Louisiana congressional members respond to Trump’s violent mobs at Capitol

By: and - January 6, 2021 9:06 pm

U.S. Capitol police officers point their guns at a door that was vandalized in the House Chamber during a joint session of Congress on January 06, 2021 in Washington, DC. Congress held a joint session today to ratify President-elect Joe Biden’s 306-232 Electoral College win over President Donald Trump. A group of Republican senators said they would reject the Electoral College votes of several states unless Congress appointed a commission to audit the election results. (Photo by Drew Angerer/Getty Images)

Members of Louisiana’s congressional delegation spoke out against a violent mob that stormed the U.S. Capitol in what some lawmakers from other states are describing as an attempted coup incited by President Donald Trump to prevent Congress from certifying the November election results.

At least one woman was shot and killed during the chaos, according to the D.C. Metropolitan Police Department. Trump remained largely silent as the mob sieged the Capitol, even as lawmakers from his own party urged him to tell his supporters to stand down.

Rep. Adam Kinzinger (R-Ill.), who called it a “coup attempt,” tweeted directly to Trump: “You are not protecting the country. Where is the DC guard? You are done and your legacy will be a disaster.”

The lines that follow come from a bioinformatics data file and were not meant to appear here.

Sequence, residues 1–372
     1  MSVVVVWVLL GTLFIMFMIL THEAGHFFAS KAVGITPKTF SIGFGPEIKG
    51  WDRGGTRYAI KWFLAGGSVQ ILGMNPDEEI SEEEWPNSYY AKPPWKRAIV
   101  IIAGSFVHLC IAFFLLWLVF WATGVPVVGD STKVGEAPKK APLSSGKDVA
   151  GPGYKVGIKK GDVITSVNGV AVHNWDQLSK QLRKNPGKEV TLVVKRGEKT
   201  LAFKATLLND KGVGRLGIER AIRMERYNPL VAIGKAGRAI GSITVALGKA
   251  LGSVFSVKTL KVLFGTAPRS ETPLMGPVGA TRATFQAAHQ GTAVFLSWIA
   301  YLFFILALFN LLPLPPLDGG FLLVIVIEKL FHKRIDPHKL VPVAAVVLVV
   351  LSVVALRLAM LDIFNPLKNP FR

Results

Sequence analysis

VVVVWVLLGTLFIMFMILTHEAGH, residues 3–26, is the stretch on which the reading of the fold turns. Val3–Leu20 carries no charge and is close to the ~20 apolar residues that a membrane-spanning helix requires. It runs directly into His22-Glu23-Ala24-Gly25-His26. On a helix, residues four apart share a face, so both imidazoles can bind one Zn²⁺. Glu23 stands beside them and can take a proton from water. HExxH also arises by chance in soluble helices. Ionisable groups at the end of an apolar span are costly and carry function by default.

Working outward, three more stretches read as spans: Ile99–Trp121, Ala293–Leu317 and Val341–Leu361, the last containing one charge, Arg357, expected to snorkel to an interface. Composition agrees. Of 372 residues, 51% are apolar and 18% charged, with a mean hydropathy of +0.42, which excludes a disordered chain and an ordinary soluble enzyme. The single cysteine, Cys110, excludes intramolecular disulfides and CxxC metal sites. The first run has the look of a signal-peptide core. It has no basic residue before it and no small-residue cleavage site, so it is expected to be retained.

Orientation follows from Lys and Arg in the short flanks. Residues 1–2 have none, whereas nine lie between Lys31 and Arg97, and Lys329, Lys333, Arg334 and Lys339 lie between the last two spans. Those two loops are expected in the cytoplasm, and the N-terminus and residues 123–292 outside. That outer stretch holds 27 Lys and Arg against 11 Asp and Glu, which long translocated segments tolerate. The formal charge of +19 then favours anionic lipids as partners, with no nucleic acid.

Here’s what Louisiana congressmen said about Wednesday’s events:

U.S. Sen. Bill Cassidy, Republican 

In an interview Wednesday night, Cassidy called the attack on the U.S. Capitol “an act of sedition” and said all of the rioters who rushed the Capitol building should be prosecuted to the fullest extent possible in the law.

“This is an attempt to impede, to break up, to stop a constitutional duty of the United States Congress,” Cassidy said. “It is what happens in third-world countries.”

Cassidy said he was in the Senate chamber when he first started hearing people talking about “a breach” at the Capitol. Then, he heard someone say that there been a gunshot — and then he noticed that Vice President Mike Pence had been removed from the chamber. 

“Quickly after that, it became widely known that rioters and anarchists had broken into the Capitol,” Cassidy said.

Cassidy recalled, at that point, that the Capitol’s security started bringing Senate staff members into the chamber for safety reasons. Then the senators and staff members were evacuated from the chamber and taken to a location Cassidy did not want to reveal. Cassidy said he could see that the Capitol police had barricaded the doors and that rioters were in the Capitol waving flags as Cassidy left the building.

Asked if he had ever experienced anything like Wednesday’s attack, Cassidy responded: “Have an I ever been in a place where an act of sedition occurred? No.”

When Cassidy was asked if Trump was responsible for the attack, he said: “The president clearly got people stirred.”

“The president can speak to people as no one else can. The president should say this is wrong, this is criminal, an action of sedition and people should go home,” he said.

At the time of the the interview, Cassidy said he and his staff were still in “lockdown” and he was trying to find some way to get food for his staff as the Senate was planning to go back on the floor to resume certifying President-elect Joe Biden’s Electoral College victory. It was expected to be a long night.

U.S. Sen. John Kennedy, Republican